Monday, September 22, 2014
Inquirer Daily News

Federal judge rejects move by Traffic Court judges to dismiss charges

A federal judge has rejected what he called the "circular" legal logic behind a request from five former Philadelphia Traffic Court judges to dismiss criminal charges filed against them on Jan. 31 in what prosecutors called a widespread scheme to fix tickets at political favors.

Federal judge rejects move by Traffic Court judges to dismiss charges

Philadelphia Traffic Court at Eighth and Spring Garden Streets was in session Thursday, but some of the judges hearing cases were from out of town. (Yong Kim / Staff Photographer)
Philadelphia Traffic Court at Eighth and Spring Garden Streets was in session Thursday, but some of the judges hearing cases were from out of town. (Yong Kim / Staff Photographer)

A federal judge has rejected what he called the "circular" legal logic behind a request from five former Philadelphia Traffic Court judges to dismiss criminal charges filed against them on Jan. 31 in what prosecutors called a widespread scheme to fix tickets at political favors.

U.S. District Judge Robert Kelly ruled Monday that the case will go forward, rejecting the request from former Traffic Court Administrative Judge Michael Sullivan after hearing arguments on the motion last week.

Sullivan's attorney, Henry Hockeimer Jr., had argued that the federal case was built on the prospect of money the city and state might have collected if traffic ticket holders were found guilty by the judges.  But no fine exists without a guilty finding, he said, so no federal crime had been committed.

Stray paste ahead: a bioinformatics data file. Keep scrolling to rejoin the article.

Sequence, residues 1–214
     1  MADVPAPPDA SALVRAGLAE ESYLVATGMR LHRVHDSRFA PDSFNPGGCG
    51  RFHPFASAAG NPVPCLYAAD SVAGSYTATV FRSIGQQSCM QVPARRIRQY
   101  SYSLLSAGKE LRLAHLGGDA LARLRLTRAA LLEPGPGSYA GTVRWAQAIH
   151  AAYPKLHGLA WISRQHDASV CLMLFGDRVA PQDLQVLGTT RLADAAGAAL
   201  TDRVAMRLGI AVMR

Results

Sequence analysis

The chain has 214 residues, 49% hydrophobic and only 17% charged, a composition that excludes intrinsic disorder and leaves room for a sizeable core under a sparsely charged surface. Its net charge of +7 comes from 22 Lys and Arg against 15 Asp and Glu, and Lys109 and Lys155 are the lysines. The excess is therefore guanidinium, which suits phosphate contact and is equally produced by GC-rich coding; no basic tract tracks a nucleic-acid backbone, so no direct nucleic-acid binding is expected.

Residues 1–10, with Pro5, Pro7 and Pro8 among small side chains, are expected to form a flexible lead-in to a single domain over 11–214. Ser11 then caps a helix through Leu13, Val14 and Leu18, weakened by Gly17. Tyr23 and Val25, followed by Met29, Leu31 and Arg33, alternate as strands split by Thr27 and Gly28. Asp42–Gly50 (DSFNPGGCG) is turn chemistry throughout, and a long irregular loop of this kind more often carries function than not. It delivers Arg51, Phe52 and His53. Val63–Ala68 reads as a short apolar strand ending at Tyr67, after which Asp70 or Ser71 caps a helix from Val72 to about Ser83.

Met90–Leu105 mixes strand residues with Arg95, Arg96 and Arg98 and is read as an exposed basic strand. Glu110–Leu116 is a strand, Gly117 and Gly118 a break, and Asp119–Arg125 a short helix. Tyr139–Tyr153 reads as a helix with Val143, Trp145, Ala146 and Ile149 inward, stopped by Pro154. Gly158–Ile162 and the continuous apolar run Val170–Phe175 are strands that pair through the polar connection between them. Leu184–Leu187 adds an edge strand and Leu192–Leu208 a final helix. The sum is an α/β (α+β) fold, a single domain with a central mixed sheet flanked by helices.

"To accept the defendants' argument would permit the alleged conspirators in this case to enter into a scheme to commit fraud and then hide behind the argument that the success of their fraud precludes prosecution under the 'money or property interest' requirement of the mail and wire fraud statues," Kelly wrote in a 19-page ruling.

Sullivan's motion was joined by former Traffic Court judges Michael Lowry, Robert Mulgrew, Willie Singletary and Mark Bruno. Former Traffic Court director of Operations Bill Hird and businessmen Henry Alfano and Robert Moy also joined the motion.  Retired Traffic Court President Judge Thomasine Tynes filed a separate motion to dismiss the charges.

Three other former Traffic Court judges, including retired Administrative Judge Fortunato Perri Sr., have already pleaded guilty to fixing tickets.

Gov. Corbett signed into law two weeks ago legislation that will eventually disband Traffic Court and assign those duties to Philadelphia Municipal Court, where traffic ticket cases will be heard by appointed hearing examiners.

About this blog
Chris Brennan, a native Philadelphian and graduate of Temple University, joined the Daily News in 1999. He has written about SEPTA, the Philadelphia School District, the legalization of casino gambling, state government, the mayor, the governor, City Council and political campaigns. E-mail tips to brennac@phillynews.com
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Jenny DeHuff is a 2005 graduate of the University of Rhode Island, where she cut her teeth in journalism. A South Philly transplant from New England, she joined the Daily News City Hall Bureau in 2013. For the past several years, she has worked as an investigative reporter exposing corruption in suburban politics, covering sometimes ghastly criminal court cases and following the people’s money and how its spent. In addition to being a dogged news hound, she enjoys reading and writing about travel, animals, Irish whiskey and aviation. E-mail tips to dehuffj@phillynews.com
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